Researchers reveal phrases that pay on Kickstarter
Researchers at Georgia Institute of Technology (Georgia Tech) studying the burgeoning phenomenon of crowdfunding have learned that the language used in online fundraising hold surprisingly predictive power about the success of such campaigns.
“Our research revealed that the phrases used in successful Kickstarter campaigns exhibited general persuasion principles,” said Gilbert, who runs the Comp. Social Lab at Georgia Tech. “For example, those campaigns that follow the concept of reciprocity—that is, offer a gift in return for a pledge—and the perceptions of social participation and authority, generated the greatest amount of funding.”
While offering donors a gift may improve a campaign’s success, the study found the language project creators used to express the reward made the difference. For example, the phrases “also receive two,” “has pledged” and “project will be” strongly foretell that a project will reach funding status, while phrases such as “dressed up,” “not been able” and “trusting” are attached to unfunded projects.
The researchers examined the success of Pebble, which is the most successful Kickstarter campaign to date with more than $10 million in pledges, and compared it to Ninja Baseball, a well-publicized PC game that only earned a third of its $10,000 goal.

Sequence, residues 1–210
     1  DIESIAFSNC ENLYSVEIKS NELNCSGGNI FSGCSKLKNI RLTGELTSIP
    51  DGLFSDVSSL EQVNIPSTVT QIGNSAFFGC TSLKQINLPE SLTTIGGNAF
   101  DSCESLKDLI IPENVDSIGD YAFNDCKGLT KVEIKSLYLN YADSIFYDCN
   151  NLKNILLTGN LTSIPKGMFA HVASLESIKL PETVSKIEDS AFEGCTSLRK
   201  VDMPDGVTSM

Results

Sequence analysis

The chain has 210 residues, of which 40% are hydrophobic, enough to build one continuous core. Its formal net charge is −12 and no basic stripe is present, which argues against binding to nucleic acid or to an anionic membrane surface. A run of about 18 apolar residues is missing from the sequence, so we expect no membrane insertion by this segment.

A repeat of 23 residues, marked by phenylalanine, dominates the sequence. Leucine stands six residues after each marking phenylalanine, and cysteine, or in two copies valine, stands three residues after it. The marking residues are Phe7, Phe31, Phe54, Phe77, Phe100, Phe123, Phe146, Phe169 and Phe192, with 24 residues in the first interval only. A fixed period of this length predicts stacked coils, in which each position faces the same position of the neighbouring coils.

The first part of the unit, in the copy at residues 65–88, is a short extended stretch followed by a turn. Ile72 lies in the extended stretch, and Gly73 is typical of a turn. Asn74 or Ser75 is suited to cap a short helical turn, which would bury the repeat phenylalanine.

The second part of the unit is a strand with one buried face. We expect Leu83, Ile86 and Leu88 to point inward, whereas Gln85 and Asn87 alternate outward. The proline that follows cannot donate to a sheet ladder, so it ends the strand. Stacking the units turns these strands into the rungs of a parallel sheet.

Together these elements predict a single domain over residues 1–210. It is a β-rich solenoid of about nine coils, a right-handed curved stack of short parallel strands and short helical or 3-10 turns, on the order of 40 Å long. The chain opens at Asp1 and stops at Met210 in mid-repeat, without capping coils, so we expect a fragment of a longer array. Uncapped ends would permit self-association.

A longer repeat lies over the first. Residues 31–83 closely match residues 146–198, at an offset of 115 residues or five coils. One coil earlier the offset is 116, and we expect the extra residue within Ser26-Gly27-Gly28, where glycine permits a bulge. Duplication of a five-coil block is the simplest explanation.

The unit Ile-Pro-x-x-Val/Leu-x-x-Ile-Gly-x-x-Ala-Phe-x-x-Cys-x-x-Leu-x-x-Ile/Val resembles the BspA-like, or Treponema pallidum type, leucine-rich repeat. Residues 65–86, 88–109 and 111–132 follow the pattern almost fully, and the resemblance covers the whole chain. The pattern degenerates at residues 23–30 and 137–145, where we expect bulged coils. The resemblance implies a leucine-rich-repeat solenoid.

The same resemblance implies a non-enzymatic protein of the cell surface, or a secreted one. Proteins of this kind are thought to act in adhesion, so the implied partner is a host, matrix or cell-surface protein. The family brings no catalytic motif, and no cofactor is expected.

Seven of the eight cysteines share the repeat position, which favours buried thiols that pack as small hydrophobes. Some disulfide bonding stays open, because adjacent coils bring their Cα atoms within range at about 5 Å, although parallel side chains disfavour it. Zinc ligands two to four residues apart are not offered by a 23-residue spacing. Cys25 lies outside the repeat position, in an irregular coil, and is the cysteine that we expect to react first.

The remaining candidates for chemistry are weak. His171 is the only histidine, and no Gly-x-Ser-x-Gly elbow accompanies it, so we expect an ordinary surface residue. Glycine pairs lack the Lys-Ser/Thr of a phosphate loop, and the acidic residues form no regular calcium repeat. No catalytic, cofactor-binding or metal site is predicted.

“The discrepancy in funding success between projects like Pebble and Ninja Baseball prompted us to consider why some projects meet funding goals and others do not,” Mitra said. “We found that the driving factors in crowdfunding ranged from social participation to encouragement to gifts – all of which are distinguished by the language used in the project description.”
For their research, Gilbert and Mitra assembled a list of all Kickstarter projects launched as of June 2, 2012, and had reached their last date of fund collection. Of the more than 45,000 projects, 51.53% were successfully funded while 48.47% were not.
After controlling for variables such as funding goals, video, social media connections, categories and pledge levels, the researchers focused on more than 20,000 phrases before compiling a dictionary of more than 100 phrases with predictive powers of success or failure.
The research suggested that the language used by creators to pitch their project plays a major role in driving the project’s success, accounting for 58.56% of the variance around success. The language generally fit into the following categories: reciprocity, scarcity, social proof, social identity, liking and authority.
Source: Georgia Institute of Technology